Jane Says/Gates to the city

There are few things more wonderful in life than walking down the front steps of the New York Public Library, out into the bustle of rush-hour Fifth Avenue and what remains unseasonably warm weather, having just read this:

When I get home after work, the ballet is reaching its crescendo. This is the time of roller skates and stilts and tricycles, and games in the lee of the stoop with bottletops and plastic cowboys; this is the time of bundles and packages, zigzagging from the drug store to the fruit stand and back over to the butcher’s; this is the time when teen-agers, all dressed up, are pausing to ask if their slips show or their collars look right; this is the time when beautiful girls get out of MG’s; this is the time when the fire engines go through; this is the time when anybody you know around Hudson Street will go by.

That’s Jane Jacobs, it hardly needs to be said, whose Death and Life of Great American Cities I am subjecting to a particularly close re-reading as part of my City Is Here research.

This is very much a description of a certain place at a certain time; I can’t help but note the orthographic (“drug store”, “fruit stand,” “teen-agers,” all now collapsed in standard usage) and material (“bottletops,” “butcher’s,” “slips”) tells. Right down to the fire engines, this is also the world of the Bank Street Readers I grew up on.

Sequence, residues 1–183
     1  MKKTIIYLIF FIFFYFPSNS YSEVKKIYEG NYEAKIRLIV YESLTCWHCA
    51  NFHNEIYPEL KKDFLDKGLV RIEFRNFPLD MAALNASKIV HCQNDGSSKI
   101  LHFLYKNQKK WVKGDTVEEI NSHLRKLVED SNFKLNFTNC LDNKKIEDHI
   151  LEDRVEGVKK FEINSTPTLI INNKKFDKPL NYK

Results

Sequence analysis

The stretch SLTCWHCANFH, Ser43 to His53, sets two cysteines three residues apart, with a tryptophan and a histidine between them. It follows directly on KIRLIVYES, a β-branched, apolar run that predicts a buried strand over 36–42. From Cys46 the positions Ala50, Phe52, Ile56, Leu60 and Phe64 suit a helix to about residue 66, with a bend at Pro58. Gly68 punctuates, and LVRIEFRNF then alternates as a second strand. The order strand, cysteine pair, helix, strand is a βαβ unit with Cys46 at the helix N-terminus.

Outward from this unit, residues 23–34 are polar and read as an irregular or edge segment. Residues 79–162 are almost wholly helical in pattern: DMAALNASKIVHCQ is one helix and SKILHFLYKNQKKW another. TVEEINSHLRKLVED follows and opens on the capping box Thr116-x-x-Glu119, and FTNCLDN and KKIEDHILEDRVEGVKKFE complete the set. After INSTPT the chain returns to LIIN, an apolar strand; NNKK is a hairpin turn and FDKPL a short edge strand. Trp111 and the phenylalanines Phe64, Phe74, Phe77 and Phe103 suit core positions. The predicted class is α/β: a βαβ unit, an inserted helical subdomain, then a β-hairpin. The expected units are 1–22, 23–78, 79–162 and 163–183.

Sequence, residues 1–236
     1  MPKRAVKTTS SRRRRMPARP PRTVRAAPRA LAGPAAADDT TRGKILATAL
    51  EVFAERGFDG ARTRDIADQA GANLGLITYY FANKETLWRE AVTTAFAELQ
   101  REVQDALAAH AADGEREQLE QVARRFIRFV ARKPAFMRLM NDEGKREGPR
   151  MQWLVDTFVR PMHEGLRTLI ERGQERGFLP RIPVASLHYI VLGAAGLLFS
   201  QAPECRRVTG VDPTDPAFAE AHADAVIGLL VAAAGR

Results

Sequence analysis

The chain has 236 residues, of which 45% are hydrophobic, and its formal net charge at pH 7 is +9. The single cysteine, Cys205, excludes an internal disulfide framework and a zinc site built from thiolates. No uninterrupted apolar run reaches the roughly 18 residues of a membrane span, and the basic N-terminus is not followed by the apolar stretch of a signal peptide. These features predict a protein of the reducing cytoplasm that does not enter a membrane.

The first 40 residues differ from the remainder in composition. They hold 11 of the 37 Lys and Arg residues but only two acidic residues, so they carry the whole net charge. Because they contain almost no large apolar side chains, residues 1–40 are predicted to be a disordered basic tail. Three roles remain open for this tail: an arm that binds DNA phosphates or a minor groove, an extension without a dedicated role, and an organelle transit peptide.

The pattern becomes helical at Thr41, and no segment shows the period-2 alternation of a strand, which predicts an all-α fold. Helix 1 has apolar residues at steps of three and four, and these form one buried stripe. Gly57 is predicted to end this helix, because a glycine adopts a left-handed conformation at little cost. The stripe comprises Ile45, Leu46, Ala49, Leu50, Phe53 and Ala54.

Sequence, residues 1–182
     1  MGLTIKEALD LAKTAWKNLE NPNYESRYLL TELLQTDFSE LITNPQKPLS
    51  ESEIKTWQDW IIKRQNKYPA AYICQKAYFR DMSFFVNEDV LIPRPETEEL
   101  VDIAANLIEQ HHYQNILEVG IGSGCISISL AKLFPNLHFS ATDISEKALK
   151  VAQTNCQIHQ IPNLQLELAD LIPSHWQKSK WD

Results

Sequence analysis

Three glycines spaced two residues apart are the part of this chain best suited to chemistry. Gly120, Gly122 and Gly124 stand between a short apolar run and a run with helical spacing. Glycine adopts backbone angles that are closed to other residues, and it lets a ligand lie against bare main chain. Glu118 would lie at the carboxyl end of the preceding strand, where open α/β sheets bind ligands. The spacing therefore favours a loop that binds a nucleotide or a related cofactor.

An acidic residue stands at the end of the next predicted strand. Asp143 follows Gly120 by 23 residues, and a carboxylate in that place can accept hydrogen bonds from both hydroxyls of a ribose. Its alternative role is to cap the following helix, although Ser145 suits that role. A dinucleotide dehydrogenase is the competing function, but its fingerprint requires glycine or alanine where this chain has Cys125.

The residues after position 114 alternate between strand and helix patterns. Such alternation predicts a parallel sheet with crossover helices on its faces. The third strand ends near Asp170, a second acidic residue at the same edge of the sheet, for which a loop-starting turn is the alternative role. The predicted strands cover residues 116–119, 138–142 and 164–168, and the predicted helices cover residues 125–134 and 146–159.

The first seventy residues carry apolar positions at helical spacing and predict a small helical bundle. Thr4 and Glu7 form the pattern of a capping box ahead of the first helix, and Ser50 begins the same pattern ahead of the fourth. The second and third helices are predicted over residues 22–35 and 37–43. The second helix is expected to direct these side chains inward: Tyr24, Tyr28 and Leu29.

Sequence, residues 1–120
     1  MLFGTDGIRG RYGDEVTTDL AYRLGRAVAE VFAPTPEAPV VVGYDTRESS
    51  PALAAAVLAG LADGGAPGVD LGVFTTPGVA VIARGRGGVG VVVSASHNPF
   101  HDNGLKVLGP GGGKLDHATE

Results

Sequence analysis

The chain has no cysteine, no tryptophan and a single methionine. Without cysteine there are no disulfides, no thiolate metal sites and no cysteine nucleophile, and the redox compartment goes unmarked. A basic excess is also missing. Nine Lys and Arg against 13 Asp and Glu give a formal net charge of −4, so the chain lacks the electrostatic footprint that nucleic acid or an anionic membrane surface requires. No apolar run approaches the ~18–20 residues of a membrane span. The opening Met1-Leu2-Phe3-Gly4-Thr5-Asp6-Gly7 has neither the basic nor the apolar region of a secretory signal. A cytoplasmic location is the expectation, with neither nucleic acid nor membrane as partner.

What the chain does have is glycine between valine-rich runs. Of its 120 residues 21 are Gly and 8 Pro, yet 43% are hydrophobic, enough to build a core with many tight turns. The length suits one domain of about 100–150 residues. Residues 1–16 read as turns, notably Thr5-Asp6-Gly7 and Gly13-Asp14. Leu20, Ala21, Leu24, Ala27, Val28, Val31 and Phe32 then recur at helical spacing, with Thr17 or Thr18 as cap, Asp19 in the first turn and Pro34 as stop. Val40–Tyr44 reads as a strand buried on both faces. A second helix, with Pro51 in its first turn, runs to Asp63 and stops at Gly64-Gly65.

But in its basic lineaments it’s also, still, recognizably our world, and the place I entered as I passed by the sentinel lions. Oh, what a beautiful city.

3 responses to “Jane Says/Gates to the city”

  1. Michael R. Bernstein says :

    The sentinel lions remark reminded me to recommend that you check out Elizabeth Bear’s fantasy novel ‘Blood and Iron’. I think you’ll like it.

  2. AG says :

    Uh, why? I mean, not to be a jerk about it, but I despise fantasy, with the sole exception of Perdido St Stn et sequelae.

    Anything with, like, elves? Hate it with the searing white-hot hatred of a thousand suns.

  3. Greg Borenstein says :

    Reading this post in connection with the conversation we’ve been having about sci-fi dystopias, it’s interesting to read Jacobs in that same mode, as a sci-fi vision of the city. It’s ironic that her vision is both conservative (in the sense that, while embedded within modernism, it looked to the past for its positive examples) and utopian (the lost city she describes is rather edenic and peaceful).

    One of the great contributions of the New Urbanists was to take this retrospective vision of Jacobs and make it proscriptive and progressive. The fact that I live in a city (Portland, Oregon) where riding a bicycle and conducting community gardening and grass roots neighborhood betterment projects are considered forward thinking innovations is a testament to the success the New Urbanists have had not just in resisting the modernist vision of the future as dystopian, but in replacing it with something positive of their own.

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